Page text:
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The California Court of Appeal Issues Landmark Local Government Finance Decisions 

by Adam Hofmann

Published: July, 2020

Submission: July, 2020

 



Key Points:

  • California Court of Appeal issues two landmark local government finance decisions.
  • Propositions 13 and 218 do not require two-thirds voter approval for special taxes proposed by initiative.
  • A toll is not a tax.

The California Court of Appeal in San Francisco has issued two blockbuster decisions in the last week impacting local government finance. Both were big wins for local government!


Tolls Are Not a Tax


First, on June 29, 2020, the Court of Appeal issued its opinion in Howard Jarvis Taxpayers Association v. Bay Area Toll Authority. The Howard Jarvis Taxpayers Association (“HJTA”) challenged 2018's Regional Measure 3, by which the voters approved a toll increase on the State-owned bridges in the San Francisco Bay Area (not including the Golden Gate Bridge), with the proceeds dedicated to regional transportation projects specified in a plan set forth in State legislation. The measure was approved by 55% of voters, but HJTA asserted that the toll increase was a special tax, thereby requiring two-thirds voter approval or two-thirds legislative approval (which it also did not receive).


The Court unanimously affirmed the trial court’s decision that a toll is not a tax, and that Bay Area Toll Authority could collect the toll increase approved by the voters in 2018. The appellate court concluded that the toll increase constitutes “a charge imposed for entrance to or use of state property” and is accordingly excepted from the constitutional definition of a tax, set out in Article XIII C, section 1(e). The Court found irrelevant the fact that (1) the amount of the toll increase was not necessarily related to the actual cost of crossing a bridge, and (2) most of the proceeds from the toll increase would be used not for the direct benefit of those who pay the toll, but rather for those who use other means of transportation. The California Constitution limits other types of fees and charges based on governmental costs incurred and benefits conferred, but those limits do not apply to fees for use of government property.


In a lengthy footnote that is sure to prompt considerable analysis, the Court of Appeal in this decision disagreed with another panel of the First District in its recent decision in Zolly v. Oakland. In that case, the Court of Appeal held that fees for use of government property are limited by the cost/benefit considerations that the Court of Appeal here found inapplicable to bridge tolls. A petition for review to the California Supreme Court is already pending in Zolly.


Voters Maintain the Power to Tax Themselves


Second, on June 30, 2020, the Court of Appeal issued its opinion in City and County of San Francisco v. All Persons Interested in the Matter of Proposition C. The background of the case stems from the 2017 Upland decision, in which the California Supreme Court held that a tax measure proposed by a voter initiative was legal even though it appeared at a special election rather than a general election. The Court held that Article XIII C of the California Constitution's requirement for a general election applied only to taxes imposed by "local government" action, which term does not include a voter-sponsored initiative. This decision inevitably raised the question of what other Constitutional requirements might apply differently to voter initiatives, most importantly the requirement for supermajority voter approval of special taxes.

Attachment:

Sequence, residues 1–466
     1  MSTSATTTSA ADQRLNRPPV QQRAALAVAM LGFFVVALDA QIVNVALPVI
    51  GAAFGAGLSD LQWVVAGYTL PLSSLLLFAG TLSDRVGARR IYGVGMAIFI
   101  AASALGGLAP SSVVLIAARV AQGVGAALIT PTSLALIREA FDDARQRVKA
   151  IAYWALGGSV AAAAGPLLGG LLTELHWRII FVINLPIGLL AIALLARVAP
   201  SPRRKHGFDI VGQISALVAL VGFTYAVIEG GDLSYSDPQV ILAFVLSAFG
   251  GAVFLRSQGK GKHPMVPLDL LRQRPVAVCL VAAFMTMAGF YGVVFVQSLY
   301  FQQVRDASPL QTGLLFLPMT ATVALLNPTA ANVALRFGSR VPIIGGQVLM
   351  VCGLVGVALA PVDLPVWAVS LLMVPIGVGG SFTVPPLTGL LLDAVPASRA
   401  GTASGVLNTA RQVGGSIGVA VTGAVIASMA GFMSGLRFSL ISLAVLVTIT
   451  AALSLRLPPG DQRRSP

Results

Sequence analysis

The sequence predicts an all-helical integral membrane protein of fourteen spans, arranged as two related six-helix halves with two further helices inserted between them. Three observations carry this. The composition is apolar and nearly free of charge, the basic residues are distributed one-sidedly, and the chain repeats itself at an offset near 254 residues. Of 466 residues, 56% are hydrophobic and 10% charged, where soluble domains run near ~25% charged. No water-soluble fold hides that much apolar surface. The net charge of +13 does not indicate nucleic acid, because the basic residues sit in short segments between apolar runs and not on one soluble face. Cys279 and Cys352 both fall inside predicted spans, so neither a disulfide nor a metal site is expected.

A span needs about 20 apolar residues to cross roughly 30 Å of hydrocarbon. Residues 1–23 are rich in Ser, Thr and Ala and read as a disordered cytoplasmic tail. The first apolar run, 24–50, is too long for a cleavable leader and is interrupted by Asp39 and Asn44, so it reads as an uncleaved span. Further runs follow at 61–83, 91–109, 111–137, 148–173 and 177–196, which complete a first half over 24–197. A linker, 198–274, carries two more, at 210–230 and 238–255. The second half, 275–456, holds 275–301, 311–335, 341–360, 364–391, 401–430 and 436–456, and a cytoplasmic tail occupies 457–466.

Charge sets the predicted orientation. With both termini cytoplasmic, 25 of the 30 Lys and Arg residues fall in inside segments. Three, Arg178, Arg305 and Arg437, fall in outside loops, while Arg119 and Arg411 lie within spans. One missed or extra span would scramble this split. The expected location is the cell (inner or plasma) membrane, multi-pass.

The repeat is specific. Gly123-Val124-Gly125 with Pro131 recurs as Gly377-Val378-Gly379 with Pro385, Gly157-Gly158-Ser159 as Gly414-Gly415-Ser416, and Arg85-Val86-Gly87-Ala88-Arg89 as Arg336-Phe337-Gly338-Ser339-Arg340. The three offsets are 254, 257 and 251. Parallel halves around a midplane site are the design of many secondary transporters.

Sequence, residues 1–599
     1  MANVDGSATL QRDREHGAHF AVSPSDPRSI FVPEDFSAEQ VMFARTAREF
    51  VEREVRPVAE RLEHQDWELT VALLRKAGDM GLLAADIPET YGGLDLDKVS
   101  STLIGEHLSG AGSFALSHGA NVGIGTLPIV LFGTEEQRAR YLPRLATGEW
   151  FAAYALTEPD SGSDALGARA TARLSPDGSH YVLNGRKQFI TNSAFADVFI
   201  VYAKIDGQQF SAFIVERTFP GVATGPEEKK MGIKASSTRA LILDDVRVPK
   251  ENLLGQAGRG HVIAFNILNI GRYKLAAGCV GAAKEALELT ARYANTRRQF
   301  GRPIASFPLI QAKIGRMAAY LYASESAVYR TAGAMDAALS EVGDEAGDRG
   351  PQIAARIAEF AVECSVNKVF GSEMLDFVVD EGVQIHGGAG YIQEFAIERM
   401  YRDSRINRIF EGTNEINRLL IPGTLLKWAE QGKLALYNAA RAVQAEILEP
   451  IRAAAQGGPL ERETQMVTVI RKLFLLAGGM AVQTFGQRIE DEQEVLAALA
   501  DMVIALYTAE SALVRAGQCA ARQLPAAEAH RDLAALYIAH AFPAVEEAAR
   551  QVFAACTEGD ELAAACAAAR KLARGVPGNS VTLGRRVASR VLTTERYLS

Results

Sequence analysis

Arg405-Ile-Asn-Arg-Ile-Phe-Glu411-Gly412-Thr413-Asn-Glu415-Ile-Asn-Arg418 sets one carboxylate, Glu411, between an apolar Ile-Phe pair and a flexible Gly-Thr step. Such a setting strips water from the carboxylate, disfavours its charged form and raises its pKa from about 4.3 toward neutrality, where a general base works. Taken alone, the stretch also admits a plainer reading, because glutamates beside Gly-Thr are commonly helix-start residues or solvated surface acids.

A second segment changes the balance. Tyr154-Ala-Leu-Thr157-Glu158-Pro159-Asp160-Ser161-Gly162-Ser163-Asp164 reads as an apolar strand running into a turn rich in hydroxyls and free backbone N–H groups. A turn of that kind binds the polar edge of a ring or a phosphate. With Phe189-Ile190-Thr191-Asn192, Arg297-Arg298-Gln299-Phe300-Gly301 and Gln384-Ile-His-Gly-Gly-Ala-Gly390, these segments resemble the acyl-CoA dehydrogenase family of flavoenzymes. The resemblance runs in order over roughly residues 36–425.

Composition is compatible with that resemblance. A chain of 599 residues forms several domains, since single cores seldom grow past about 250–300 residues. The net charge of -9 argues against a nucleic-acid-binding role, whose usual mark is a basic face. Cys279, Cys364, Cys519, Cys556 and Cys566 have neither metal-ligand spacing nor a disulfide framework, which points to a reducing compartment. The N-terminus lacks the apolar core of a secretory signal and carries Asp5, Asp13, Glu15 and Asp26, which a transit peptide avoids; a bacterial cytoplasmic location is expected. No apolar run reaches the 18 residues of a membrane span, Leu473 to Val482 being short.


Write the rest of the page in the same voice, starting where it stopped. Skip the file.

In 2018, San Francisco voters placed Measure C on the ballot to increase the City's business license tax to fund increased services for the City's growing homeless population. Because the increased tax revenue would be devoted to specified purposes, it unquestionably qualified as a “special tax.” 61% of San Francisco voters approved the measure, and the City filed a validation action to confirm that it was valid, despite having passed with less than two-thirds of the vote. A group of business associations, as well as HJTA, responded, asserting that the two-thirds voter approval requirement for special taxes under Articles XIII A and XIII C of the California Constitution—added via Propositions 13 and 218, respectively—apply to all special taxes, regardless of whether they are proposed by local government or by voters themselves.


The Court of Appeal rejected the associations’ arguments. It held that the Constitution does not require supermajority approval for initiative special taxes. Exhaustively analyzing the long line of cases broadly construing the initiative power in California, and closely following the California Supreme Court’s recent Upland decision, the court concluded the supermajority vote requirement applies only to special taxes imposed by “local government.” Nothing in the text or background of Propositions 13 or 218 indicated an intent to constrain the power of voters to tax themselves or suggested that the phrase “local government” included the electorate's decision to govern itself through the initiative process.


Next Steps


The tax challengers in both cases may petition for rehearing in the Court of Appeal, or they may petition for review by the California Supreme Court. Statistically speaking, there is little chance the High Court will grant review in any case. But these cases may have a better than average chance, given both the importance of the underlying issues and, in particular, the potential conflict within the First Appellate District relative to the Zolly decision.


 



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